From projects to full-time job

To make a living from project- based work, freelancers need to be versatile and take on a variety of jobs, said Mr Jason Wang (left).
To make a living from project- based work, freelancers need to be versatile and take on a variety of jobs, said Mr Jason Wang.ST PHOTO: CHEW SENG KIM

After he graduated from the DigiPen Institute of Technology Singapore in 2013 , Mr Jason Wang, 29, thought about finding full-time work here as a conceptual artist.

This involves creating designs for projects in the early phases - a skill he honed during his 21/2-year Bachelor of Fine Arts course in digital arts and animation.

But he decided to freelance instead. This was because it would allow him to continue working with a US-based team on a gaming project he first got involved in during a semester at the DigiPen US campus in the city of Redmond.

About a year after he graduated, he headed to the United States to join the rest of The Good Mood Creators team at their Seattle-based studio and worked as a full-time art director for about two years.

Mr Wang is among a rising number of students who turn to temporary work, such as contract jobs or freelance work, after graduation. For some, freelance work leads to full-time positions, as was the case with Mr Wang.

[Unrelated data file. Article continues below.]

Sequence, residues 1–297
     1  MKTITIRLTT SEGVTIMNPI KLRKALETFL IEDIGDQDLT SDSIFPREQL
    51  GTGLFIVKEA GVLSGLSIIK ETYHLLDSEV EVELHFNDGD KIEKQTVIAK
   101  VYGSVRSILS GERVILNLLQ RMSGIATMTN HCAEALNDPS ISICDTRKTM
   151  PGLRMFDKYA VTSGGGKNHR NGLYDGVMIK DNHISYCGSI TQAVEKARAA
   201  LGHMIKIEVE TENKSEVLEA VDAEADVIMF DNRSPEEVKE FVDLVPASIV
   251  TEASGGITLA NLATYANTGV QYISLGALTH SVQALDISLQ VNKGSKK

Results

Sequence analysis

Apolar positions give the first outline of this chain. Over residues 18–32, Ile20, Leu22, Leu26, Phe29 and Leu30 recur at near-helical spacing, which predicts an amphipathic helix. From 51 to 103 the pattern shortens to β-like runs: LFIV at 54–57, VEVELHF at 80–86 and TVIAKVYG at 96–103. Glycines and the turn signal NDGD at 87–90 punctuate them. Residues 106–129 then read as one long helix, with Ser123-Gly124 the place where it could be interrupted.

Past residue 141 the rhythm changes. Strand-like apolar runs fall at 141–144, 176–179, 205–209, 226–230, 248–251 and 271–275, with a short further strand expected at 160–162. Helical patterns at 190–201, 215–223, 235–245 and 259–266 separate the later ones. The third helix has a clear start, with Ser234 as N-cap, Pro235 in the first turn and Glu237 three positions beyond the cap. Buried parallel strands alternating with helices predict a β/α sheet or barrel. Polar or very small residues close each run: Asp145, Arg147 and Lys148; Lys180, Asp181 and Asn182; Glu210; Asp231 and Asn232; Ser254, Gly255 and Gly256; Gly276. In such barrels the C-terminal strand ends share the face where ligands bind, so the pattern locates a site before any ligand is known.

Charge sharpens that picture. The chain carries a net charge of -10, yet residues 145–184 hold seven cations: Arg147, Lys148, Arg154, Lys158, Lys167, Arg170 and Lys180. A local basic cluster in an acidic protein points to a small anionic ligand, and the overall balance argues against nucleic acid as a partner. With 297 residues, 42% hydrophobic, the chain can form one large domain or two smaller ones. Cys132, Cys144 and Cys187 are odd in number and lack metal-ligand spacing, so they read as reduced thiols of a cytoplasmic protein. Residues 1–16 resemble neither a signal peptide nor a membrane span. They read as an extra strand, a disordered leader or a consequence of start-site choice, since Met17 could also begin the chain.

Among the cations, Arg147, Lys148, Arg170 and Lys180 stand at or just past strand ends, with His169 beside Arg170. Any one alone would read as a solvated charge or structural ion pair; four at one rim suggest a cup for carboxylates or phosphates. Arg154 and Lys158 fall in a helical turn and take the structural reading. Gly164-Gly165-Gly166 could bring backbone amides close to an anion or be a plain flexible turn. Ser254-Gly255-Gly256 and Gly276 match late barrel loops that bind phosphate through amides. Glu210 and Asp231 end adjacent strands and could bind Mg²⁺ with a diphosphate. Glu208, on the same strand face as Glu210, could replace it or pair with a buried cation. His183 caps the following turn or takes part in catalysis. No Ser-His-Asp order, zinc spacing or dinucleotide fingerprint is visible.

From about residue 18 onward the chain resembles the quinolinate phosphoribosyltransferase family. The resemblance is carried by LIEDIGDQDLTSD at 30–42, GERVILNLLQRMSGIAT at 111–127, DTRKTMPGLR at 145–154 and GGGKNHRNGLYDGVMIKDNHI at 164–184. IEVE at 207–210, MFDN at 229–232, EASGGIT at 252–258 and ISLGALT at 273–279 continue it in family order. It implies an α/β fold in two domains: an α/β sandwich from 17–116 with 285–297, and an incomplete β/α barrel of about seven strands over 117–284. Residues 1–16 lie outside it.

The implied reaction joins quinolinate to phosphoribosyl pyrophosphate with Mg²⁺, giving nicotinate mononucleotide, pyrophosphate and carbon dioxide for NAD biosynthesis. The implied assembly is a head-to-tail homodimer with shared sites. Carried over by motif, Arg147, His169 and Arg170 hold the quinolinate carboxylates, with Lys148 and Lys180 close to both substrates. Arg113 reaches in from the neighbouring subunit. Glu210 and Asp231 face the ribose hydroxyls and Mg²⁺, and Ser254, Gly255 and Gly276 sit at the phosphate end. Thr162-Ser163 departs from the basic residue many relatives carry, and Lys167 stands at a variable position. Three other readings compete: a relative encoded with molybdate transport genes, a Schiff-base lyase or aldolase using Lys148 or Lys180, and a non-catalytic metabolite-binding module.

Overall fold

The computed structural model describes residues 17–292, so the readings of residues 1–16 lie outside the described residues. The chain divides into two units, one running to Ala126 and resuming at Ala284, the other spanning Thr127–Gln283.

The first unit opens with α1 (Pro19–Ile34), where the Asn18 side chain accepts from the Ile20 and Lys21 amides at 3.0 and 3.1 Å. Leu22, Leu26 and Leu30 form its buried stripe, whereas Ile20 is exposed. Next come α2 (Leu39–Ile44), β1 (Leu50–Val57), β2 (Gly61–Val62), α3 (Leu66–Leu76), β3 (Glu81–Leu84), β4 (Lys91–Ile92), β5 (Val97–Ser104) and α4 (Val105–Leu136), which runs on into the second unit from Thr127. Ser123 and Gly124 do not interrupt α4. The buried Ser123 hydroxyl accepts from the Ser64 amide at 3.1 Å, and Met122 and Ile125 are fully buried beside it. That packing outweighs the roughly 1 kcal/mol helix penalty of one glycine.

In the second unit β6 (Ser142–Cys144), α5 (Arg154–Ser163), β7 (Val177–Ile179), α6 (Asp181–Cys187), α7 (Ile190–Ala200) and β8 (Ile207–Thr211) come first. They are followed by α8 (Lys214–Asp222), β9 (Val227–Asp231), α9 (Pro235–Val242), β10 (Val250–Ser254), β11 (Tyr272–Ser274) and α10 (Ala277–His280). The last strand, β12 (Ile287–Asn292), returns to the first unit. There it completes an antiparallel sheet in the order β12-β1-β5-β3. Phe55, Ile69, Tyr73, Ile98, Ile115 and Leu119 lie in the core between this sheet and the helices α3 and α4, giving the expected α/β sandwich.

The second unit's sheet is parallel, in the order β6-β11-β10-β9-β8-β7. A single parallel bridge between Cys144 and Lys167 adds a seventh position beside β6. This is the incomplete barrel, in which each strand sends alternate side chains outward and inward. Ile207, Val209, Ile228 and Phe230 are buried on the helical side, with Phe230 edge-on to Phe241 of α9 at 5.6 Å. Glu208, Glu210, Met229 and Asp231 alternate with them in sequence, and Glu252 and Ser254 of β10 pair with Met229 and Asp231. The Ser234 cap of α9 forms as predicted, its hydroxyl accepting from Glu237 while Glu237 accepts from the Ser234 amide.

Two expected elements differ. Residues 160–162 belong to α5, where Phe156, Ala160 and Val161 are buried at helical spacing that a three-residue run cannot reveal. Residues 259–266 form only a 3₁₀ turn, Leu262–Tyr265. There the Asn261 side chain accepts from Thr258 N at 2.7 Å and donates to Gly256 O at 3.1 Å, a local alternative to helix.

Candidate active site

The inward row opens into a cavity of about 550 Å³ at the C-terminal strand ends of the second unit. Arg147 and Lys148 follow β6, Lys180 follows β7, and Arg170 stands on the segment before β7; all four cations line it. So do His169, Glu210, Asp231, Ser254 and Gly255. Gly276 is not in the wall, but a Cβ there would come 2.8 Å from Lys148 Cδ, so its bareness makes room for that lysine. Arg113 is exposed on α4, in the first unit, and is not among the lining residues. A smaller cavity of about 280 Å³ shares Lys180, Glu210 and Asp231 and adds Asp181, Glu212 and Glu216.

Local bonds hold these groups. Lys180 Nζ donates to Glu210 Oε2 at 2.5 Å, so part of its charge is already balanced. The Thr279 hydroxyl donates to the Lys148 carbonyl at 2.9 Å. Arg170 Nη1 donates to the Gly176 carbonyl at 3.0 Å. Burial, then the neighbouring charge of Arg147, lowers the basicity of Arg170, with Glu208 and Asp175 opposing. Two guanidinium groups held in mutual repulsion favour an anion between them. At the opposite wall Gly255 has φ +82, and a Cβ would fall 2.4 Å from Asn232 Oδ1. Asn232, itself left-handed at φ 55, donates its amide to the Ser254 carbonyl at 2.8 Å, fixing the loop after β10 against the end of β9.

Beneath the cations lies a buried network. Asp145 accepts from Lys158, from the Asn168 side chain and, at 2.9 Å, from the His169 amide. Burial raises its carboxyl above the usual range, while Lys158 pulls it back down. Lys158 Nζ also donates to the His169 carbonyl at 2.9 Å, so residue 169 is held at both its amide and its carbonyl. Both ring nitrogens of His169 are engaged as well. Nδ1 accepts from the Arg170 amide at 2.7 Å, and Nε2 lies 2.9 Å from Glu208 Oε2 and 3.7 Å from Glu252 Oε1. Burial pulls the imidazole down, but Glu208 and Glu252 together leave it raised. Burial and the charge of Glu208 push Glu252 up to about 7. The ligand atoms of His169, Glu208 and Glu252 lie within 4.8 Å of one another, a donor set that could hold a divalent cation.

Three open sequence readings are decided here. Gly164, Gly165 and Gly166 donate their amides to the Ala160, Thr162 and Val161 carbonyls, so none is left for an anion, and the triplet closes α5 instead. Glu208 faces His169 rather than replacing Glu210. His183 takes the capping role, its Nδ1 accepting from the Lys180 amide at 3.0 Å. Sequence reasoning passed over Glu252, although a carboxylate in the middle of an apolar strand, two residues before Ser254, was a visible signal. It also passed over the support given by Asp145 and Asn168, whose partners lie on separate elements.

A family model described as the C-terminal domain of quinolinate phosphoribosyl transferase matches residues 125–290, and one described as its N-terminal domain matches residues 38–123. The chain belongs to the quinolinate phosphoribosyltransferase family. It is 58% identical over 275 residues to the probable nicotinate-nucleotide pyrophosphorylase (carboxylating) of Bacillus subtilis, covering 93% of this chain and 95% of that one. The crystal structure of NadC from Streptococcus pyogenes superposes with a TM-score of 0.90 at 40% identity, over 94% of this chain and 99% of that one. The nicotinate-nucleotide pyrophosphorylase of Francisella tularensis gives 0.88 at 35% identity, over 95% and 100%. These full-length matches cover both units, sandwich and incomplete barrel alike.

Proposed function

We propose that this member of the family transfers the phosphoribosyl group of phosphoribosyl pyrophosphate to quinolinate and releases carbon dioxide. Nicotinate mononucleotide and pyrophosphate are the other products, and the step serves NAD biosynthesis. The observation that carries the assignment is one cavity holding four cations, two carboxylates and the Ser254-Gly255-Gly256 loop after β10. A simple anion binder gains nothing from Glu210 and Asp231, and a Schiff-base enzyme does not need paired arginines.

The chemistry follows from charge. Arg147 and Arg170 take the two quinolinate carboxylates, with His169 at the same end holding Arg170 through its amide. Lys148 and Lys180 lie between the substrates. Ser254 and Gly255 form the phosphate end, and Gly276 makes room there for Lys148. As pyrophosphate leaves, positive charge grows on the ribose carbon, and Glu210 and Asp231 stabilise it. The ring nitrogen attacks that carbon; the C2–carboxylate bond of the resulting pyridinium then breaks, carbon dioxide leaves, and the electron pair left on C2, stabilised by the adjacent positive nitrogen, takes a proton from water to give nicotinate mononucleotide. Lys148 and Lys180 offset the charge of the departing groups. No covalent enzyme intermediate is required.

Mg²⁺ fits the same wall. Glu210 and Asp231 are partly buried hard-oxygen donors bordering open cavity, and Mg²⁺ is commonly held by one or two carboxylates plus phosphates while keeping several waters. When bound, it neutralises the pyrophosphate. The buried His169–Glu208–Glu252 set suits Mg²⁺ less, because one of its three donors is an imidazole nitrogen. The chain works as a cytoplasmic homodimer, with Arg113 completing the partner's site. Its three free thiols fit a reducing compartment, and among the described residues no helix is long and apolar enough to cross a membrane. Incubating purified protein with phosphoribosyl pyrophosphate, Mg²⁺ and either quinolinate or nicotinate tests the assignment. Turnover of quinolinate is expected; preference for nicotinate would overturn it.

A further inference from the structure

BEAUTY OF FREELANCE WORK

The beauty of it is being able to choose who you want to work with, and have better control over your work. Work becomes so much more meaningful and less of a routine.

MS TAN YANG ER, 23, who graduated from NTU last year and now works as a freelance artist and photographer.

He returned to Singapore last year and the game Mekazoo, which he was working on, was launched at the end of the year.

Tomorrow, he starts work as an Institute of Technical Education lecturer.

He said there are not many full-time options for those looking for work as conceptual artists. "It's much easier to start off freelancing," he added. To make a living from project-based work, he said freelancers need to be versatile and take on a variety of jobs.

Mr Wang's experience is not unique in an increasingly competitive landscape. Said SIM University labour economist Randolph Tan: "Some grads adjust by taking up short-term opportunities." These include internships which allow them to try out different jobs.

Ms Tan Yang Er, 23, who graduated from Nanyang Technological University last year, worked as a freelance make-up artist for three to four years starting when she was an undergrad. Ms Tan, who continues to work as a freelance artist and photographer, said: "The beauty of it is being able to choose who you want to work with, and have better control over your work."

Demand for freelance work is more prevalent in the creative industry, said Ms Jayce Tham, chief executive of media agency CreativesAtWork. Her firm, which matches freelancers to clients, said demand for temporary workers has grown around 20 per cent on average yearly. Projects range from a few days to three months. Seow Bei Yi

A version of this article appeared in the print edition of The Sunday Times on February 26, 2017, with the headline 'From projects to full-time job'. Print Edition | Subscribe